Mass Atrocities, Risk and Resilience examines the relationship between risk and resilience in the prevention of genocide and other mass atrocities and explores two broad areas of neglect. In terms of prevention, there is very little research that analyzes how local and national actors manage the risk associated with mass atrocities. In the field of comparative genocide studies, to date there has been very little interest in examining negative cases. Although much is known about why mass atrocities occur, much less is established about why they do not occur. The contributions in this book address this neglect in two important ways. First, they challenge commonly-accepted approaches to prevention. Second, they explore negative cases in order to better understand how local and national actors have mitigated risk over time.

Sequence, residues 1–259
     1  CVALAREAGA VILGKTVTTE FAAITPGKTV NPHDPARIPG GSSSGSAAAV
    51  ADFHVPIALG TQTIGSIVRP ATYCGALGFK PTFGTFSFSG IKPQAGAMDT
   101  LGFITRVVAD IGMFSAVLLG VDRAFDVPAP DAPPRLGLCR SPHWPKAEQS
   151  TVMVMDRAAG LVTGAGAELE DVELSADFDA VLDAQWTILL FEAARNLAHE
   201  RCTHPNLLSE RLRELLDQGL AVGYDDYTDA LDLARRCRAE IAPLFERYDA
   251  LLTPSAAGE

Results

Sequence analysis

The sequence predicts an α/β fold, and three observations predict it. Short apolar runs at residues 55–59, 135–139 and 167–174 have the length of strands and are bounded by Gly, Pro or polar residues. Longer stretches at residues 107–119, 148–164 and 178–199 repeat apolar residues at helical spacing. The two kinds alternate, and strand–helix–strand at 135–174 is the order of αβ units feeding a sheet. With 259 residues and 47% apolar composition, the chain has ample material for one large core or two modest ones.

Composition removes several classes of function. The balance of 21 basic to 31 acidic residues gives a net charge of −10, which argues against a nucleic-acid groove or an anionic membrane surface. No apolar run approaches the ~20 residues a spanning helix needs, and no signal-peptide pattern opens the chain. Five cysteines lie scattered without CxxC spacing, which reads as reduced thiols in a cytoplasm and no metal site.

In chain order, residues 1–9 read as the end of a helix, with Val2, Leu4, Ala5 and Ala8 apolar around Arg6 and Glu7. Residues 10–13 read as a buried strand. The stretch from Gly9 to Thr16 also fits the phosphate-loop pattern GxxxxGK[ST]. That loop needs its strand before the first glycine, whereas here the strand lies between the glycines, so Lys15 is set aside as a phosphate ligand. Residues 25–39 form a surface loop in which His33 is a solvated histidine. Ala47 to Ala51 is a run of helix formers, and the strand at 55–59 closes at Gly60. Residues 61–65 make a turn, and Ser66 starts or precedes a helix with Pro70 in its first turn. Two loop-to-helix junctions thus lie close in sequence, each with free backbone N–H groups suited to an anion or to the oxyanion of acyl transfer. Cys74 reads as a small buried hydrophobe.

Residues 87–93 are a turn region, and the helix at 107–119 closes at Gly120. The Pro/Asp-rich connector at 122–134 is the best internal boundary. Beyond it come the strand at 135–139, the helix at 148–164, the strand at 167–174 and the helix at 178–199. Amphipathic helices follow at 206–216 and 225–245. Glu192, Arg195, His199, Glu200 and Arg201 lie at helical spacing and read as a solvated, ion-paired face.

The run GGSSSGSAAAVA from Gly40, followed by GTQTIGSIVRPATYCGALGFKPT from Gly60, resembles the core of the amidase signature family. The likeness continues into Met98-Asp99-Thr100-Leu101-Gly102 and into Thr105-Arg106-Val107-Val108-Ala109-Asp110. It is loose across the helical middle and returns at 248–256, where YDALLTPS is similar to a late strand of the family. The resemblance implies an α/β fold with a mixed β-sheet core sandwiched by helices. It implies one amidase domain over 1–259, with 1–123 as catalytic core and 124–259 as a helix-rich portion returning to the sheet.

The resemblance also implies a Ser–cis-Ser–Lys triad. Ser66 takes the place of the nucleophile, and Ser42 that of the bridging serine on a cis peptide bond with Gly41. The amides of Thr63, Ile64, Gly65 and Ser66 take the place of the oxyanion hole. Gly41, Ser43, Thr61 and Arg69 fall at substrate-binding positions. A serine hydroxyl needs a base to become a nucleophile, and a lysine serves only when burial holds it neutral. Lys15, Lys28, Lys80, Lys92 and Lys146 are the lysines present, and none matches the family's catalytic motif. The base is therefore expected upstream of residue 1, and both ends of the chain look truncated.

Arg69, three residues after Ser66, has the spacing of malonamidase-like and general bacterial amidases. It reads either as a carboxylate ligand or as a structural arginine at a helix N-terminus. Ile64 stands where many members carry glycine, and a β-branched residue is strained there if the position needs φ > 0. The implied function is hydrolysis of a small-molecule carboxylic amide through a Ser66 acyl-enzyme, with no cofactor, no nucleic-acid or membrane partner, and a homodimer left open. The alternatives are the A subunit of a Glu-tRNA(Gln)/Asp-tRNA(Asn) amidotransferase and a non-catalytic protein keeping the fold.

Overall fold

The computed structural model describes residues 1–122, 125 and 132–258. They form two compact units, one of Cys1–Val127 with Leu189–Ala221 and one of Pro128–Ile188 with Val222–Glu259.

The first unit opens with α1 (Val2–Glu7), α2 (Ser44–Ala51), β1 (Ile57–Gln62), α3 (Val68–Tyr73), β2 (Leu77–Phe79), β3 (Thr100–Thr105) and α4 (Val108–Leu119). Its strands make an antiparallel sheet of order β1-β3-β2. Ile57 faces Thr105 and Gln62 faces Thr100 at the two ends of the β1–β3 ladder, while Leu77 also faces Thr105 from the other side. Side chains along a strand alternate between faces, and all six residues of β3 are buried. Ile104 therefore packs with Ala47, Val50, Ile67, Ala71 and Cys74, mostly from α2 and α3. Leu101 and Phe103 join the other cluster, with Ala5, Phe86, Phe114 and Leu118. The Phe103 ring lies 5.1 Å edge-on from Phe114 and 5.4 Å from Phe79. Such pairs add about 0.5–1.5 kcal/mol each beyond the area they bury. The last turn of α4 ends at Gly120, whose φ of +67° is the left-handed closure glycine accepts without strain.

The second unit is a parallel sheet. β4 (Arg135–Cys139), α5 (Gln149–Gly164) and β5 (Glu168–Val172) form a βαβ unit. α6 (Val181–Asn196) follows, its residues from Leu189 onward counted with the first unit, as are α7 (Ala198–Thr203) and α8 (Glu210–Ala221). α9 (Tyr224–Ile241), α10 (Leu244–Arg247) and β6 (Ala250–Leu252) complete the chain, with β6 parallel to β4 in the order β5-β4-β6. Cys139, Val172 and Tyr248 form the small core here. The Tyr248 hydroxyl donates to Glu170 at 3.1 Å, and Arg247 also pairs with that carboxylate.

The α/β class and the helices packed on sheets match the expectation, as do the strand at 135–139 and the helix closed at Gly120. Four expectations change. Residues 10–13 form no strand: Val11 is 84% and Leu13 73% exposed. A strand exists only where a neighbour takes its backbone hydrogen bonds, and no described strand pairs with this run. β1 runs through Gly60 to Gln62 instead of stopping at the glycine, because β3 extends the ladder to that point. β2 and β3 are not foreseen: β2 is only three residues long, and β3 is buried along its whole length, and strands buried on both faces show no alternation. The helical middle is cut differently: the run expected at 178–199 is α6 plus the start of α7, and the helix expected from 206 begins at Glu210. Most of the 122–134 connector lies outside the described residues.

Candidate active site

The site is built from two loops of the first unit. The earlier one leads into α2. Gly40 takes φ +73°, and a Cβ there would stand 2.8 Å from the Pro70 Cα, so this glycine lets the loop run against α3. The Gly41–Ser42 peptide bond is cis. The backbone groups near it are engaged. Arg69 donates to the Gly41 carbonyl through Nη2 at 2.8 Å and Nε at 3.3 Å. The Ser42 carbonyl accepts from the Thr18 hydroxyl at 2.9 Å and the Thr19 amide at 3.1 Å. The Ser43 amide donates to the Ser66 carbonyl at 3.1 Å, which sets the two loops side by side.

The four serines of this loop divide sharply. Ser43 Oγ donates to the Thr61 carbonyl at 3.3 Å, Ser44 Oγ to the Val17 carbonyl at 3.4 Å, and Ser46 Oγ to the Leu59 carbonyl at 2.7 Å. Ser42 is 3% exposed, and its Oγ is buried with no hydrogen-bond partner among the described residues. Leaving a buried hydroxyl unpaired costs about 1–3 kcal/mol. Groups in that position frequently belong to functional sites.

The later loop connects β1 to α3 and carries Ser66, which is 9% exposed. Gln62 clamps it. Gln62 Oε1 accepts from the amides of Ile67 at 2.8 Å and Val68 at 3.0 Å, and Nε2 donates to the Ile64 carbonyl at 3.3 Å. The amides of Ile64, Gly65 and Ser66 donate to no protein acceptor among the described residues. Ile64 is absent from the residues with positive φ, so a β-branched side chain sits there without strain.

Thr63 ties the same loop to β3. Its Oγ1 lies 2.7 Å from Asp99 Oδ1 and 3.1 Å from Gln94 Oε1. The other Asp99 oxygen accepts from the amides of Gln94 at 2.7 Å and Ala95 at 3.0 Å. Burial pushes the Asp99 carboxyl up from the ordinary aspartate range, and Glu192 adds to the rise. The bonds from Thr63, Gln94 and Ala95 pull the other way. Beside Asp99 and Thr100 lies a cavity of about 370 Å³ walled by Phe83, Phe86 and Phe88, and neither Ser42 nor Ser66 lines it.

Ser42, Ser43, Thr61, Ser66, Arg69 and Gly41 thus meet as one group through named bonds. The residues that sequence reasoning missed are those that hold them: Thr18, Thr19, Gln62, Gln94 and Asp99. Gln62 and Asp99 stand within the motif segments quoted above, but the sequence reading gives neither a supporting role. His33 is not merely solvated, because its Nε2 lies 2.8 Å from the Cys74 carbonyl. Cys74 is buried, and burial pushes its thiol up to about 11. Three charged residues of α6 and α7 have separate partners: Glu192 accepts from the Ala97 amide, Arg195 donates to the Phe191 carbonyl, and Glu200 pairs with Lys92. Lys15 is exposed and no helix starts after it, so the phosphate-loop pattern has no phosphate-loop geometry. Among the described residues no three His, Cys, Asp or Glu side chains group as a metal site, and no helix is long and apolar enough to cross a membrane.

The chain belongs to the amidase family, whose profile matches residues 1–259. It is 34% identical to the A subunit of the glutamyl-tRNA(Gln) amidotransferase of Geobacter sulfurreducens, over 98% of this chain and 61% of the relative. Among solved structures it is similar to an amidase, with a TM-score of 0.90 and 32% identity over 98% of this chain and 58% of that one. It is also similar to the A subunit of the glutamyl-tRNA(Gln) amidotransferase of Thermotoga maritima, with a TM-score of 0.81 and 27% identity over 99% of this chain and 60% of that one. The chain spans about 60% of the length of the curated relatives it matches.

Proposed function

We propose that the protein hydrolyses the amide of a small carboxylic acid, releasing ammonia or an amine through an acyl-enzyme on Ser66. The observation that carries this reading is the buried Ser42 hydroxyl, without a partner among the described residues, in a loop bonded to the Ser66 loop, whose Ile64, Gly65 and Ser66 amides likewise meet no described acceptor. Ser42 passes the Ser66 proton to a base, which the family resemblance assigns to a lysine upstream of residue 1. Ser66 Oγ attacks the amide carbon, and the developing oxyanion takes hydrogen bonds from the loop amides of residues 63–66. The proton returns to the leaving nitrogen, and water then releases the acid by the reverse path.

Commissioned by UNESCO from the Henry Dunant Institute, this volume of essays lays the foundation for an international programme for the teaching of international humanitarian law within the framework of UNESCO's plan for the development of the teaching of human rights. Parts I and II deal with the development of humanitarian ideas and law within different schools of thought and cultural traditions; Part III with the law of armed conflict and Part IV with the application of international humanitarian law.
It is hoped that the publication of this volume, which, in its original French edition, coincided with the 40th Anniversary of UNESCO and the International Year of Peace proclaimed in 1986 by the UN General Assembly, will reinforce the determination of the international community to achieve the aim of the founders of UNESCO, namely to construct the defences of peace in the minds of men.